So after work I go up to water all the seedlings in the greenhouse and contemplate planting out some of the lettuce in the cold frame. I have to stop because I notice a label stuck into the soil indicating that there might be carrots present. I am dubious but still it is a possibility as SWMBO was up yesterday and might just have planted some carrots in there. I go into the shed and sit on the chair to muse about this possibility and other things. A female blackbird hops on top of the shed door and looks in at me inquisitively. 'Hello', I say, 'what do you want?', and start chatting to her. I tell her all about my day and ask her if she is hungry. She hops down from the door and stands in the entrance to the shed. 'Look,' I say, 'I have nothing for you, all the hobnobs have gone.' She hops up onto a fork and then up onto the potting bench where she is now at eye level a few feet from me and better placed to interpret what this obvious nutter is trying to say. I continue to tell her the list of things we no longer have like cream crackers, bread crumbs, crisps ect ect. She is long and elegant and bright eyed and I think if I was a male blackbird I would fancy her like mad. She turns her head from side to side, evidently listening intently to what I have to say. I love her for this, even my own son will not do this for me. 'Look,' I say, 'the only thing we have that might conceivably interest you are some packets of seeds in the tray up on that top shelf.' She at once flies up to the top shelf and starts rootling around. I begin to wonder if I am speaking the ornithological equivalent of parceltounge. I am so enamoured of her I am prepared to let her peck away at our seed packets. My downfall is that I want to take her picture but the camera is outside in my coat pocket hung up on the greenhouse. 'Look, I'm just going to move a bit and I don't mean you any harm, I'm just going to get the camera and if you don't mind take a picture of you.' I hope the ornytounge is still working. She let's me too and stays on the shelf when I come back in with the camera. Oh, I knew it was a mistake, I would have to raise my arms to bring the camera up to her level to get the picture and it was just a little too threatening for her - sorry. She jumped off and flew out the door but not far away though, looking at me as if to say 'you blew it', as if I didn't know. I hope you'll come back, I'll be looking out for you.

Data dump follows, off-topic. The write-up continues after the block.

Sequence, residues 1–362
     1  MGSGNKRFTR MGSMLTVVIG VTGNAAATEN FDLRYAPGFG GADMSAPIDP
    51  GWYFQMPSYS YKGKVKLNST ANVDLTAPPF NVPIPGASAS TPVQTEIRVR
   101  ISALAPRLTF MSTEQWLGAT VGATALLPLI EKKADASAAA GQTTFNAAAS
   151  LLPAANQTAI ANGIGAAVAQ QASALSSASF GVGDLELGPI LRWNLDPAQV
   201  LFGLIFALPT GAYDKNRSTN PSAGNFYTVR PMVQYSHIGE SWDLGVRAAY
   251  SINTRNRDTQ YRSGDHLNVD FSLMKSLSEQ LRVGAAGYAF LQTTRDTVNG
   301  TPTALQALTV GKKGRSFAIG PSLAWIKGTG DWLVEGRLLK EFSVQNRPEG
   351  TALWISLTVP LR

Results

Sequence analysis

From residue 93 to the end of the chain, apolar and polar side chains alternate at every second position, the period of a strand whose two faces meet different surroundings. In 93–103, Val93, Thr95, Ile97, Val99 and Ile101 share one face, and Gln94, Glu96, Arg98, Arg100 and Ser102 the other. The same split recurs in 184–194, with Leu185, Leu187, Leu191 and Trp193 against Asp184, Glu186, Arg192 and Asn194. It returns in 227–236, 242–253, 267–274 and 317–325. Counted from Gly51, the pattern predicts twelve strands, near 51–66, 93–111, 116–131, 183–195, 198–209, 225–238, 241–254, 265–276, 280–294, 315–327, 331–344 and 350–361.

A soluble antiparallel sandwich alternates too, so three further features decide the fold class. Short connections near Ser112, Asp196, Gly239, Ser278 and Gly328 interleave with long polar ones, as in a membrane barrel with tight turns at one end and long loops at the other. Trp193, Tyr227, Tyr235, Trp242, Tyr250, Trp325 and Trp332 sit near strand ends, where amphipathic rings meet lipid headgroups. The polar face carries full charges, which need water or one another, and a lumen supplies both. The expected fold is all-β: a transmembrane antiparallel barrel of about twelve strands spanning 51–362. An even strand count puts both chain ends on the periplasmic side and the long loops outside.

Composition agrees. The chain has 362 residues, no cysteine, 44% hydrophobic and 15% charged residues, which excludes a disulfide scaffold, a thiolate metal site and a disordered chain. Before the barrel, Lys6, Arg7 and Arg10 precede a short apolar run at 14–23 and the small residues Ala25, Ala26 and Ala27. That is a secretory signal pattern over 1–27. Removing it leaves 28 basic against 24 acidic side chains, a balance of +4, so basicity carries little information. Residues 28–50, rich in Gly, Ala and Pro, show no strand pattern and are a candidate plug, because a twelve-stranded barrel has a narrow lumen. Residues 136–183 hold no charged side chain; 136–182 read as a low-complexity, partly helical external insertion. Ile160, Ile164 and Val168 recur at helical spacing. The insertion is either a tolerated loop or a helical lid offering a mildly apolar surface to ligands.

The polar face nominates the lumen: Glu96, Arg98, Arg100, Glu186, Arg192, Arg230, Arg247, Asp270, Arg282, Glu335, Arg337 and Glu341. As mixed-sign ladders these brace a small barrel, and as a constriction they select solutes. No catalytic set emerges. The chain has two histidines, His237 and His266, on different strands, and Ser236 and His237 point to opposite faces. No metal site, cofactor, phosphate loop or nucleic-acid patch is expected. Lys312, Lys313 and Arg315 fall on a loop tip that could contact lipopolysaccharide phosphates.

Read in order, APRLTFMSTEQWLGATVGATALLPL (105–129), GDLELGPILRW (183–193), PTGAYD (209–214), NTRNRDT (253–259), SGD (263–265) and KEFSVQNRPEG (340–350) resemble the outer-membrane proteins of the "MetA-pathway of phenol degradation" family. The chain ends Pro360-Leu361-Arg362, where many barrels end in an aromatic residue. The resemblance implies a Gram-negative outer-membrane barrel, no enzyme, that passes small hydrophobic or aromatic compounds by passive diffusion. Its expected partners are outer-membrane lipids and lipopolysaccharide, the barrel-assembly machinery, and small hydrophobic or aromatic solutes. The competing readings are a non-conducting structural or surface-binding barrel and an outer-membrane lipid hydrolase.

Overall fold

05 April 2007


After work I often sink into a semi-comatose state for an hour or so and yesterday it happened to be while GQT was on the radio. When I came to I could've sworn I heard Bob Flowerpower advising us to dibble a hole and put a pilchard in it prior to planting our sunflowers out. I wasn't sure if I had dreamt this or if it was a product of my sick imagination so this morning I had to go to Radio 4's listen again just to check it out. Seems I didn't dream it and the man really meant it. Waste of a pilchard if you ask me.

Talking of pilchard's,

I got a letter back from Clarence House thanking me for "bringing the plight (of Manor Garden Allotments) to Hrh's attention", written doubtless by a minion and more than likely consigned to the trash recycling bin shortly thereafter.

However, I note with great satisfaction that the matter is now going to court in a legal action supported by Friends of the Earth and that the closure date has been postponed until July and hopefully it will be put off forever and ever and ever, amen.

04 April 2007

april come she will

We fell off the end of our assorted paint brushes, scrapers and plastering trowels long enough to get some serious seed sowing and bed preparation done at last.

It was a joy to be out in the fresh air, tilling this beautiful earth once more instead of breathing in wood dust, paint and varnish fumes.

The end of all that is hopefully not too far off now....well, maybe the end of this month will see it finished.

The seedlings all seem to be thriving and we've potted on all the tomatoes and have started giving them away as I don't see any reasonable way of fitting 60 plants in an 8x6 greenhouse.

01 April 2007


I now realise it is better not to fart while wearing a wetsuit